Evaluate Outcomes Track outcome measures with stakeholders Create outcome measures with stakeholders to regularly track, refine and/or terminate the solution Engage sponsors and key stakeholders to ensure that the solution is on track to meet agreed objectives; influence sponsors to pivot or terminate the project where necessary

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In practising Design Thinking, besides the above competencies needed to run the process effectively, it is also critical to embrace the mindsets that enable Design Thinking to maximise its potential. To me, the four Design Thinking mindsets that helped me in my journey were: Empathetic, Collaborative, Experimental, and Expansive Mindsets.

An Empathetic Mindset is about seeking out the real people interacting with a service/product/issue and striving to understand deeply what they were trying to achieve from the interaction. Through such deep empathy work, we can uncover or reframe the right problem to tackle, instead of solving the superficial pain points that led us to the challenge in the first place.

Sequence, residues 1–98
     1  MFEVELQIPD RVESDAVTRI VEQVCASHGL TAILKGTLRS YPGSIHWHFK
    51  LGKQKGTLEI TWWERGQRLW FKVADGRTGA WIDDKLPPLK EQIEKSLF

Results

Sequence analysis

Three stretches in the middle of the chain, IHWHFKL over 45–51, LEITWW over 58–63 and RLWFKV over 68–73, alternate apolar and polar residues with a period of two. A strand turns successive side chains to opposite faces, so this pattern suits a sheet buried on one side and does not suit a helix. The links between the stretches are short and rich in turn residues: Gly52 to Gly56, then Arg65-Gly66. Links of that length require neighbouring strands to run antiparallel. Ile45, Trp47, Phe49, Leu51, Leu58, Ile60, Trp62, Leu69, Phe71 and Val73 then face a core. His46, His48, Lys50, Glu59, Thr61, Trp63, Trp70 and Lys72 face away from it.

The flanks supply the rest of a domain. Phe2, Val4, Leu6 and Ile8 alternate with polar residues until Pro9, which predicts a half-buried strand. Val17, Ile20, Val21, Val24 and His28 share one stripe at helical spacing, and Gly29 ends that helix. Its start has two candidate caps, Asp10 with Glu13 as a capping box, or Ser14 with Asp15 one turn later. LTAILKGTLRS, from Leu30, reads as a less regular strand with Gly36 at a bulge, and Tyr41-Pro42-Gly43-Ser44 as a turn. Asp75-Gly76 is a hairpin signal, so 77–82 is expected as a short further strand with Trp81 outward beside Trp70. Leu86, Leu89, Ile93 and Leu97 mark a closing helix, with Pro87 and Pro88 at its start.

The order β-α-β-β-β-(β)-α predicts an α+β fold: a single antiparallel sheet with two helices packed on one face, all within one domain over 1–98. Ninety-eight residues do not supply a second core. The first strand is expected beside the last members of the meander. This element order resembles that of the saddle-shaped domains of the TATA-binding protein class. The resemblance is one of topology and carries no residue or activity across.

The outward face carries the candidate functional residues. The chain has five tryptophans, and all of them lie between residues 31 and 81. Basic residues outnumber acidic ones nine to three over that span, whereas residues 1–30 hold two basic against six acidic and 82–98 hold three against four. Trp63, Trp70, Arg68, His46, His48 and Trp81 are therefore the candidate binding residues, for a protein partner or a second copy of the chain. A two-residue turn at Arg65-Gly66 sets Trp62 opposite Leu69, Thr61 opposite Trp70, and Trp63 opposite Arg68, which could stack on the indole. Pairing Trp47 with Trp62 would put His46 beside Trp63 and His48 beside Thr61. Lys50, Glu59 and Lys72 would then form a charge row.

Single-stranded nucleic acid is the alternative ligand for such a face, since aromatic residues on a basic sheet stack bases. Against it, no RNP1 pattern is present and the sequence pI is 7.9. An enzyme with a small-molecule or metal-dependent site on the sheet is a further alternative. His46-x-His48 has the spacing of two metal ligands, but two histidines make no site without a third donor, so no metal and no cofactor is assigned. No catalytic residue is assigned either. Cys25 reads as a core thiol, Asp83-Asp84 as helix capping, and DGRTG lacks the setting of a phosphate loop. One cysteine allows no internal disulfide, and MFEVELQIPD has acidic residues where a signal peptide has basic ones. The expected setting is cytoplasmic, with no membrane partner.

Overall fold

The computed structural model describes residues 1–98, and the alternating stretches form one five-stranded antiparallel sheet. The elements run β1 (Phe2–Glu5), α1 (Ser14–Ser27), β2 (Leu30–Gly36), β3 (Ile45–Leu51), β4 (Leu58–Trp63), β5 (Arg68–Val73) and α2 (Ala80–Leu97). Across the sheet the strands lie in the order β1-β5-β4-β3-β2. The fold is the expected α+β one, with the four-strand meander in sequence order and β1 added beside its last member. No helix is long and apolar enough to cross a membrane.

A Collaborative Mindset refers to the humility to know that we may not have all the answers. We must also recognise that every individual comes with their own inherent biases. We should work with experts on the ground, diverse teammates, real users, and key stakeholders to learn quickly about the challenge, check one another’s blind spots, and co-create the solution. When running my design consultancy, the traditional way was for me, as the consultant, to advise/nudge the client towards a solution that I thought was optimal. However, in tackling complex challenges, with multiple stakeholders, I have learned that it is always more effective to embrace a collaborative mindset to co-create solutions.

When we are talking about generating new ideas and new value propositions, it is impossible to know, from the get-go, if the ideas are going to work. Hence, it is crucial to experiment with small ideas quickly, learn from them, refine, and iterate towards workable solutions. An Experimental Mindset allows us to get evidence-based validation of our ideas.

And finally, but most critically, we need an Expansive Mindset to practise Design Thinking effectively. Many practitioners may get overly constrained by the challenge they are presented with. For example, if a designer is told to design a cup, they may come up with various creative shapes and configurations for a cup. But if they were to put aside all assumptions and ask, ‘Why do we need a cup?’, they may reframe the challenge to ‘A way for helping humans to ingest liquids’. Getting to the root of an issue helps us to identify the right problem to solve and greatly expands the solution space. This expansive approach changes the entire context of the challenge and opens lots of avenues for exploration into potential solutions.